Restoring Peaveys lost luster

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December 2, 2010
By: Gregory J. Scott
Gregory J. Scott
// The Plaza’s grandeur has taken a hit.  It’s Tom Oslund’s job to bring it back. //

Like a relief pitcher who had spent the last inning warming up in the bullpen, Tom Oslund was nice and limber when he got the call.

On Nov. 19, the Minneapolis City Council approved Oslund’s landscape architecture firm, Oslund and Associates, to spearhead the $6 million renovation of Peavey Plaza. The project — a coveted, high profile design challenge expected to attract observers on the national stage — had four local firms competing over it. The contest culminated in a four-hour public job interview on Nov. 16, each firm getting grilled by a seven-member review committee fronted by Mayor R.T. Rybak.

Oslund’s team — already responsible for a few gems in Downtown’s newest wave of public space: the Guthrie’s Gold Medal Park, the Twins stadium’s Target Plaza and the forthcoming I-35W Remembrance Garden — won out. And Oslund himself was ready.

“Frankly, I’ve been thinking about this for a while,” he said, two days after getting the news.

In fact, he’s been brainstorming specific design solutions with grad students for years. As a faculty member at Chicago’s Illinois Institute of Technology, Oslund teaches a studio in the school’s College of Architecture. For the last two years, he’s been assigning the same hypothetical project to his students: How would you renovate Minneapolis’ Peavey Plaza? He plans to give the same assignment this spring.

Only now, of course, it’s a lot less hypothetical.

“There’s all kinds of things that get uncovered when you have 20 students looking at the same problem,” he said.

An old face with ‘incredible bone structure’

The biggest, most obvious problem, he said, is “how we actually bring luster and workability back into this iconic space.”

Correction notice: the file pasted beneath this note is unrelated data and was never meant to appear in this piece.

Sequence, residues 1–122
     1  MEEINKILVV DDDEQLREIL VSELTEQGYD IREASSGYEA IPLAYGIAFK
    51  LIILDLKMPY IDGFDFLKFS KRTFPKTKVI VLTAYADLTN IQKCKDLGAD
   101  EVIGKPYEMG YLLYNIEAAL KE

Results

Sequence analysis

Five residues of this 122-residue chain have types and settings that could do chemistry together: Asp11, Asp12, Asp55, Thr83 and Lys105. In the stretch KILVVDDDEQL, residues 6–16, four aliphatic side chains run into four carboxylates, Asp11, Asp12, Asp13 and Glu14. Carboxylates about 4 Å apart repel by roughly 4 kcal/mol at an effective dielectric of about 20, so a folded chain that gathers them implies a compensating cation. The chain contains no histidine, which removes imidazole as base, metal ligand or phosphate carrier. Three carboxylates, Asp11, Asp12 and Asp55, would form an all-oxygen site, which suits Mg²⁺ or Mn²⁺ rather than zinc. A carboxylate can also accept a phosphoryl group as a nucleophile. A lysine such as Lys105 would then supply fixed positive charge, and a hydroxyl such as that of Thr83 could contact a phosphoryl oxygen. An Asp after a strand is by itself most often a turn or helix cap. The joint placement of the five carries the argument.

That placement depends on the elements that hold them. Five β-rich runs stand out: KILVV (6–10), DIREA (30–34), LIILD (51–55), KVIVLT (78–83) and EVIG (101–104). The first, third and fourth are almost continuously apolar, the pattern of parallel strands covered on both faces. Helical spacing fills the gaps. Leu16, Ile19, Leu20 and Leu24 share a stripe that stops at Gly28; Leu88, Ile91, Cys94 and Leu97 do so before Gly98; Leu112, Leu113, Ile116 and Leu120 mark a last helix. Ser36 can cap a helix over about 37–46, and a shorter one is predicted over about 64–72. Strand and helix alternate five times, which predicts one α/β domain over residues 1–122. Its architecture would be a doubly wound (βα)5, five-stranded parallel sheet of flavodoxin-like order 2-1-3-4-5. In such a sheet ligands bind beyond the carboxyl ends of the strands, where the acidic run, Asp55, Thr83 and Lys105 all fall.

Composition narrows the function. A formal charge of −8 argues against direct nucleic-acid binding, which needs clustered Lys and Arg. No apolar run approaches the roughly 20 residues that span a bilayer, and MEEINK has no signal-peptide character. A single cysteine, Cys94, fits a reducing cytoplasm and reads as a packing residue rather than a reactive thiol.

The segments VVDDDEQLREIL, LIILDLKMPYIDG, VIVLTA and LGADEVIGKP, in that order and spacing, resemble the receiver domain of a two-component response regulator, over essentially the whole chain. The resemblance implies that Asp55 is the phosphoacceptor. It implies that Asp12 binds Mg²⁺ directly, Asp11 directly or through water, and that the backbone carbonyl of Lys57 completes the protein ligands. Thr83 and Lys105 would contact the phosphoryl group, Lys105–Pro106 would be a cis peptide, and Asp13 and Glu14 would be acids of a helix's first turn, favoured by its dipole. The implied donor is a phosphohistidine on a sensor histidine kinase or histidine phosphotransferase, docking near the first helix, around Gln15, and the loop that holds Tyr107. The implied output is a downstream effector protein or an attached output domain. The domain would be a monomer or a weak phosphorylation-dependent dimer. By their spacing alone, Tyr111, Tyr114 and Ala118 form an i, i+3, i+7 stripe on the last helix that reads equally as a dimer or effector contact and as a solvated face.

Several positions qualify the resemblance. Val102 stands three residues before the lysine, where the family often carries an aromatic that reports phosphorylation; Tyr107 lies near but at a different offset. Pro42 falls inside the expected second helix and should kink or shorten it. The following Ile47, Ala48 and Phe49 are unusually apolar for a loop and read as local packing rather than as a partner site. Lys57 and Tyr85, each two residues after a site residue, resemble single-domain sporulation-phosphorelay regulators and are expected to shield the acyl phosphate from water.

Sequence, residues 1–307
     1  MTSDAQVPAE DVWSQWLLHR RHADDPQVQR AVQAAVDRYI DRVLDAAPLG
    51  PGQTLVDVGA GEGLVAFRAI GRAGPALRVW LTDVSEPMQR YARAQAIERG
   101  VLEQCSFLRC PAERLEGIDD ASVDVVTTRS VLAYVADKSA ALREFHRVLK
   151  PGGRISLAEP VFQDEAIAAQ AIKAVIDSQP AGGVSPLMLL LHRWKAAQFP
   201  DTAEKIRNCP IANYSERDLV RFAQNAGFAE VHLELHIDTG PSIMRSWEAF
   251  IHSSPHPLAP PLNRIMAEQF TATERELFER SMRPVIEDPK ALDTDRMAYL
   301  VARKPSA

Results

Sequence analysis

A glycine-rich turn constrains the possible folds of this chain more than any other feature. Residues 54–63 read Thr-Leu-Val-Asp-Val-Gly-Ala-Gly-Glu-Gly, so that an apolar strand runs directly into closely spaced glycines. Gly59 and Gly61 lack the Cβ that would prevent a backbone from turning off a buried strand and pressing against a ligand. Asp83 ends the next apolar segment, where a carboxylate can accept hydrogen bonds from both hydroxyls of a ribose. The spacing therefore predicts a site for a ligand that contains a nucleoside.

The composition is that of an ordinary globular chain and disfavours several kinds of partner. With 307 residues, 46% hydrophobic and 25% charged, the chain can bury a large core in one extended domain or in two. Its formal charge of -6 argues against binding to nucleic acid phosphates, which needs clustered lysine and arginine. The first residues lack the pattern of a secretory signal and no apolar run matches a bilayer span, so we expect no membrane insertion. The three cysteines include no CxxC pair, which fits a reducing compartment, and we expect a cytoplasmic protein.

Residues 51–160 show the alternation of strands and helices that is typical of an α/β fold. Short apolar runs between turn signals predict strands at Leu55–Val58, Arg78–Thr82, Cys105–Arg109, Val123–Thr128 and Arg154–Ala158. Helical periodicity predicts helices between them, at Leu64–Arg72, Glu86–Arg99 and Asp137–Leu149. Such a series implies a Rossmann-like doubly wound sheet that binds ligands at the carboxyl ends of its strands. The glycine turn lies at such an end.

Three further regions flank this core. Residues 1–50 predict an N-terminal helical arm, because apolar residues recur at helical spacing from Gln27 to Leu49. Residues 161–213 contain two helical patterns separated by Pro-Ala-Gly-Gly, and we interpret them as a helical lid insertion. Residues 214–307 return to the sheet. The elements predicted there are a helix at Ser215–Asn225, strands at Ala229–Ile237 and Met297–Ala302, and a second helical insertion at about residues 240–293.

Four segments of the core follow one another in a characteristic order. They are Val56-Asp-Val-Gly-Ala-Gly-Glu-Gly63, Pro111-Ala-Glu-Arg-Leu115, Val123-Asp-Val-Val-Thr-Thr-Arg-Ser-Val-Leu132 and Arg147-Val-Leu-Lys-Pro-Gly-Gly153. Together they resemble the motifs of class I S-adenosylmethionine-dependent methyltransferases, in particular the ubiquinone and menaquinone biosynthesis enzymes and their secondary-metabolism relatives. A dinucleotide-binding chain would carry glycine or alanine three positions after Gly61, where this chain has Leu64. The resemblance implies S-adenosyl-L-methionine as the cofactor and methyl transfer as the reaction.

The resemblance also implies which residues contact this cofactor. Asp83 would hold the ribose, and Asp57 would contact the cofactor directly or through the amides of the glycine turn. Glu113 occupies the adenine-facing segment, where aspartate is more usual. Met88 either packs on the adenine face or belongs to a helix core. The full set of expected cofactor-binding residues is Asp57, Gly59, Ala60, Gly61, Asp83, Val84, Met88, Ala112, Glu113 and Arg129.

When Peavey originally opened in 1975, wowing Downtowners with M. Paul Friedberg’s modernist design of blocky, concrete terraces cascading into a sunken pool, it was a pedestrian magnet, teeming constantly with people and frequently hosting public events. It also put Minneapolis on the map as a capital for vanguard landscape architecture. But 35 years later, the space is shopworn, visibly showing signs of decay. In 2008, the Plaza made the Preservation Alliance of Minnesota’s “Ten Most Endangered Historic Sites” list (though Peavey won’t officially qualify for historic designation until 2025).

While Downtown workers who eat their lunch there in the summertime might not notice much ruin, the neighboring Orchestra Hall has — Peavey’s renovation is timed to complement the much larger, $46 million renovation of the concert venue. Both are scheduled to be completed by 2013.

Also, since its M.C. Escher-meets-skate park layout was conceived of in the 1970s, it’s desperately out of compliance with the Americans With Disabilities Act, which dictates that all public spaces be wheelchair-friendly.

During the Nov. 16 public interview, Oslund described the Plaza as “uncomfortable, even threatening.” He reminded the panel that in the first 10 months of 2010, the police had been called to Peavey for 11 different circumstances.

The good news, though, is that Peavey hasn’t fallen out of favor with residents.